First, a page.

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Music and the Making of Modern Science$
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Peter Pesic

Print publication date: 2014

Print ISBN-13: 9780262027274

Published to MIT Press Scholarship Online: May 2017

DOI: 10.7551/mitpress/9780262027274.001.0001

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Riemann and the Sound of Space

Riemann and the Sound of Space

Chapter:
(p.231) 15 Riemann and the Sound of Space
Source:
Music and the Making of Modern Science
Author(s):

Peter Pesic

Publisher:
The MIT Press
DOI:10.7551/mitpress/9780262027274.003.0016

The separate works of Bernhard Riemann and Hermann von Helmholtz reflected their shared concern with hearing in the context of the problem of space and the physical foundations of geometry. Riemann had established a new conception of multidimensional curved space; his final, uncompleted work critiqued Helmholtz’s account of hearing. Helmholtz read Riemann’s work on hearing even before his ideas about space, toward which Helmholtz had been independently working. After Riemann’s death, Helmholtz argued that geometry rested on physical facts rather than hypotheses (as Riemann held). Helmholtz drew these arguments from findings about visual perception, but later extended them to the manifolds of simple tones and of time. Einstein later acknowledged Helmholtz and Riemann’s work as essential sources for general relativity. Einstein considered Helmholtz’s connection of geometric hypotheses with empirical facts absolutely crucial for the general theory of relativity, whose field equations epitomize that connection. To reach that point, Helmholtz connected his work in music and vision, hearing and seeing, whose comparison lay at the grounds of his synthetic understanding. Throughout the book where various sound examples are referenced, please see http://mitpress.mit.edu/musicandmodernscience (please note that the sound examples should be viewed in Chrome or Safari Web browsers).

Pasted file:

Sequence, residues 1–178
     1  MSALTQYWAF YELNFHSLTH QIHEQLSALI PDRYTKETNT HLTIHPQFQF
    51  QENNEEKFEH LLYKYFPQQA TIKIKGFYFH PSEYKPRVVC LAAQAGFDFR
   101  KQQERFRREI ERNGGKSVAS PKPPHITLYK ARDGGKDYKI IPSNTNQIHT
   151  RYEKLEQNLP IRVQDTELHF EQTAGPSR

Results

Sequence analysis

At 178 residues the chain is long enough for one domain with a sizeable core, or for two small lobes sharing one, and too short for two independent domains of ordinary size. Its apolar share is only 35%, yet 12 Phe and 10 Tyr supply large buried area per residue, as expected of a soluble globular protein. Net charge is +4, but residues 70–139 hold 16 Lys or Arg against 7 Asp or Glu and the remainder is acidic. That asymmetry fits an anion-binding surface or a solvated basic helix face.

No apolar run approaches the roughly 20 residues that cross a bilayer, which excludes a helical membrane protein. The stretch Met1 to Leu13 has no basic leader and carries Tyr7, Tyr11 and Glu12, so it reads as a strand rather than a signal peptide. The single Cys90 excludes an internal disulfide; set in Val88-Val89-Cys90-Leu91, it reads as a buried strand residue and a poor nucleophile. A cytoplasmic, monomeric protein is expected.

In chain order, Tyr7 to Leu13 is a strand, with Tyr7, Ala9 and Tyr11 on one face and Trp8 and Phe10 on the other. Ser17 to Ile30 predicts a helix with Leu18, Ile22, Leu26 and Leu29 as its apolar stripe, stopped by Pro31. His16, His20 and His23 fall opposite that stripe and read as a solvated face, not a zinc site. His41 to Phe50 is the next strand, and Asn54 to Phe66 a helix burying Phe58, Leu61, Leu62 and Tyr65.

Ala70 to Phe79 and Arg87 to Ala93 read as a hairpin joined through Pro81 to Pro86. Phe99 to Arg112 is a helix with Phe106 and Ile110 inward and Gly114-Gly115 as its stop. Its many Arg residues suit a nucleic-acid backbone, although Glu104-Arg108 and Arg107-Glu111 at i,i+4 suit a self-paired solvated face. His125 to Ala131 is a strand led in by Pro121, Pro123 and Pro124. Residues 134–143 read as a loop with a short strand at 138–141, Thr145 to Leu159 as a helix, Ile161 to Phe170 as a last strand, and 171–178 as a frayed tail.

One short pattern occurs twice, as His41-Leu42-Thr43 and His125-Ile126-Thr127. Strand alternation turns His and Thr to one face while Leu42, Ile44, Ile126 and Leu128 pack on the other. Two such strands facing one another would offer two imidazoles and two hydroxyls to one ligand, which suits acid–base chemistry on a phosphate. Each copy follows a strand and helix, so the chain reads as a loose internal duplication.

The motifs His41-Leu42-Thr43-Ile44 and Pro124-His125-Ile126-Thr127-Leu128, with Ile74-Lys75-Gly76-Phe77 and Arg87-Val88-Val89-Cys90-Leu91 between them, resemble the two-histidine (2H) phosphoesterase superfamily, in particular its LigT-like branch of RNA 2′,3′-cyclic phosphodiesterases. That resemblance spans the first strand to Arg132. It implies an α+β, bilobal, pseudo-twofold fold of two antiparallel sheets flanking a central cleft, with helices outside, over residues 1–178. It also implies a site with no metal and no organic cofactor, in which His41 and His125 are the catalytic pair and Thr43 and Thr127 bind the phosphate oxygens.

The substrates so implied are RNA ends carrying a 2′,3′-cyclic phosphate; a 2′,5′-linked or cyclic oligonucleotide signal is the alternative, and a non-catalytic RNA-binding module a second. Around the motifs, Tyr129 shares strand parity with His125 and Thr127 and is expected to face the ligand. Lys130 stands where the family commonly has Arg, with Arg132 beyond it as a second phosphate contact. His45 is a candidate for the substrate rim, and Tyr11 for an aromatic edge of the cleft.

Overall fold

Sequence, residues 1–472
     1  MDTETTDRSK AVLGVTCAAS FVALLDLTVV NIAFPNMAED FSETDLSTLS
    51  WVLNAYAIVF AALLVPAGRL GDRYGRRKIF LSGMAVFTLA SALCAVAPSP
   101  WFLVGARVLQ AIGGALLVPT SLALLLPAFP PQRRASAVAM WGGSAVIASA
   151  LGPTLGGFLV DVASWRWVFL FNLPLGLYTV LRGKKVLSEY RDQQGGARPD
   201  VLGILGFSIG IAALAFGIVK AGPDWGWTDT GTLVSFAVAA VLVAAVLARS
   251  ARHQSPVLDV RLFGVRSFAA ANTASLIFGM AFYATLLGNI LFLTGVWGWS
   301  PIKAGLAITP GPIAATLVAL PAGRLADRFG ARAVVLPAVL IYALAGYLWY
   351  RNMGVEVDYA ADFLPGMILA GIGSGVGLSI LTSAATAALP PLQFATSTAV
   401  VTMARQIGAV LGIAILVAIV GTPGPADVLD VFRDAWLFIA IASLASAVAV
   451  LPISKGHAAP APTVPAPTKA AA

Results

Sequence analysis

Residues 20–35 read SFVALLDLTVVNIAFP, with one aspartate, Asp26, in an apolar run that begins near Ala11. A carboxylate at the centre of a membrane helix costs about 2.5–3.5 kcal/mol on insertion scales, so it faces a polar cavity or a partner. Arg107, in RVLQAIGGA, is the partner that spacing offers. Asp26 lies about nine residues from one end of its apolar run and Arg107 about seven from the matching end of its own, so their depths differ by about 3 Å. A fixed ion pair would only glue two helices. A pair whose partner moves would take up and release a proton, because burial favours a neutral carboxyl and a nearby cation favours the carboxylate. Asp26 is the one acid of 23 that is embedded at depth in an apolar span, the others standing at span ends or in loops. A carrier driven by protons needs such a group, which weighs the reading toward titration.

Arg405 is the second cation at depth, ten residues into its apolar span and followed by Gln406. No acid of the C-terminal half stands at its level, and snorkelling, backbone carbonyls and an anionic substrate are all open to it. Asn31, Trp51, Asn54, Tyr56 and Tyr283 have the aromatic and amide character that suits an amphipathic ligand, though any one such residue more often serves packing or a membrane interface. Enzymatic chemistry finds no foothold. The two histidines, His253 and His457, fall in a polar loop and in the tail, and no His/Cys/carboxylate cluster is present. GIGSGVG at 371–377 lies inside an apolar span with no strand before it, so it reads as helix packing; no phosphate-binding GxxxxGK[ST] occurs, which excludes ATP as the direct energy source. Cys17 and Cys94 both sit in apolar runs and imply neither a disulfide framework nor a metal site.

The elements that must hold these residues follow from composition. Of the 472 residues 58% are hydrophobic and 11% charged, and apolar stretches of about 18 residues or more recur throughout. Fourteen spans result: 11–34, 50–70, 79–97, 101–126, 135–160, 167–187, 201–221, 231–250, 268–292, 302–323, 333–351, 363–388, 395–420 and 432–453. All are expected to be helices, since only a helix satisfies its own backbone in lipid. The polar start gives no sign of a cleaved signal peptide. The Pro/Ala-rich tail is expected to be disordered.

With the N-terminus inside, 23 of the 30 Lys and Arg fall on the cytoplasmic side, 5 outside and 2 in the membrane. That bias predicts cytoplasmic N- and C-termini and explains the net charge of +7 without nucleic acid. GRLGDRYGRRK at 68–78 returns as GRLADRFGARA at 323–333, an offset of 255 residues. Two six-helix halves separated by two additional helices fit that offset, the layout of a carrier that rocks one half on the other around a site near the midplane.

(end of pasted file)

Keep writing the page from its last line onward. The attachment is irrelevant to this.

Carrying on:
Keywords:   Bernhard Riemann, Hermann von Helmholtz, Problem of space (Raumproblem), Curved manifolds, Music, Mechanism of hearing, Visual perception, Manifolds, Albert Einstein, General theory of relativity

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